MiG-29UPG Upgrade Programme Goes On

The MiG Corp. and Phazotron Corp. continue deliveries of knockdown kits to India for upgrading the entire fleet of Indian Air Force MiG-29 fighters under the contract signed on 7 March 2008 (MiG-29UPG programme). In all, 63 aircraft, including nine MiG-29UB twin-seat combat trainers, are subject to upgrade. They are to be given more up-to-date avionics, with their weapons suite to be beefed up with advanced missiles. In addition, airframe and powerplant improvements will extend the fighters' service life by far, and the aircraft will switch to on-condition maintenance. The fuel load will increase owing to a conformal spine fuel tank aft of the cockpit. At the same time, the fighters will get the mid-air refuelling capability.

Overall, the concept of upgrading the IAF MiG-29s corresponds to that of the MiG-29SMT that has been in service with the Russian Air Force since 2009 and mastered by Russian pilots. At the same time, there will be a high degree of avionics and weapons commonality with the MiG-29K/KUB carrierborne fighters that entered service with the Indian Navy on 19 February 2010. At the customer’s request, systems from various foreign manufacturers are integrated with the avionics suite of the upgraded MiG-29UPG (the so-called international avionics suite). Similar experience has been gained from the fulfilling of the Russian-Indian contracts for upgrade of the IAF's MiG-21bis to MiG-21UPG Bison standard and for development and manufacture of the Su-30MKI and MiG-29K/KUB fighters. The experience has showed itself to good advantage.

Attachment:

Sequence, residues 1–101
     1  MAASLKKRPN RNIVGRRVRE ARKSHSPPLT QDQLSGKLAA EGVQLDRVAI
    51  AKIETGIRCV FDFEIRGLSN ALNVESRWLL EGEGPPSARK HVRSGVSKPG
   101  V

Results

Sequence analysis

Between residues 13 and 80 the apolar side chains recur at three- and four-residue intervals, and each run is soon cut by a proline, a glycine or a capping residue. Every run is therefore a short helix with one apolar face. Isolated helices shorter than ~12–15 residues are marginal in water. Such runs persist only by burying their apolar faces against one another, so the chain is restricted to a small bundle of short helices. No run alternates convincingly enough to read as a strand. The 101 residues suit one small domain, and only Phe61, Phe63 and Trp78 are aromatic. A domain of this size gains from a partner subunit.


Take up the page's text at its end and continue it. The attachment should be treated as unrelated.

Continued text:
MiG-29UPG
MiG-29UPG

The upgraded MiG-29UPG's fire control system is wrapped around the advanced Phazotron-NIIR Zhuk-M2E slotted-array radar and OLS-UEM IRST with the laser, thermal-imager and TV capabilities from the Precise Instrument Systems Scientific and Production Corporation (NPK SPP). The same radar and IRST fit the MiG-29K/KUB. The cockpit management system is based on colour multifunction liquid-crystal displays. The international segment of the avionics suite includes a helmet-mounted target designator from Thales, an inertial/satellite navigation system from Sagem, an Indian electronic intelligence system and an Israeli electronic countermeasures system (the same gear equips the MiG-29K/KUB).

In addition to the conformal fuel cell behind the cockpit and the mid-air refuelling boom on the portside, visual differences between the MiG-29UPG and the baseline MiG-29 include the underwing chaff/flare dispensers from Bharat Electronics and advanced antennae of the defence aids suite under wign and in the root of the right fin.

The basic weapons carried by the MIG-29UPG are the same as those carried by the MiG-29SMT and MiG-29K/KUB. Unlike the weapons suite of production MiG-29s, they also include the RVV-AE medium-range active radar homing air-to-air missiles and such precision-guided air-to-surface weapons, as the Kh-29T general-purpose TV-homing missile, Kh-31A active radar homing antiship missile, Kh-31P passive radar homing antiradation missile, KAB-500Kr TV-homing bombs, etc.

The MiG-29 has been in IAF's inventory since 1987. Overall, 80 aircraft of the type had been delivered from the later 1980s to the mid-'90s, including about 70 MiG-29 singleseaters (version B, or MiG-29B) and 10 MiG-29UB twinseaters.



Under the contract, the first six IAF MIG-29s (four singleseaters and two twinseaters) were upgraded and tested in Russia, where they arrived from India in 2008. The first MiG-29UPG made its maiden flight after upgrade in Zhukovsky on 4 February 2010. Upon completion of the tests, the first two upgraded MiG-29UPGs and a MiG-29UB UPG were returned to the customer early in December 2012. Three more aircraft were delivered in 2013. The remaining 56 aircraft will be upgraded in India at the production facilities of the IAF's 11th Repair Base, using knockdown kits supplied from Russia.

0 comments :

Post a Comment

Disqus Shortname

Comments system

[disqus][facebook][blogger]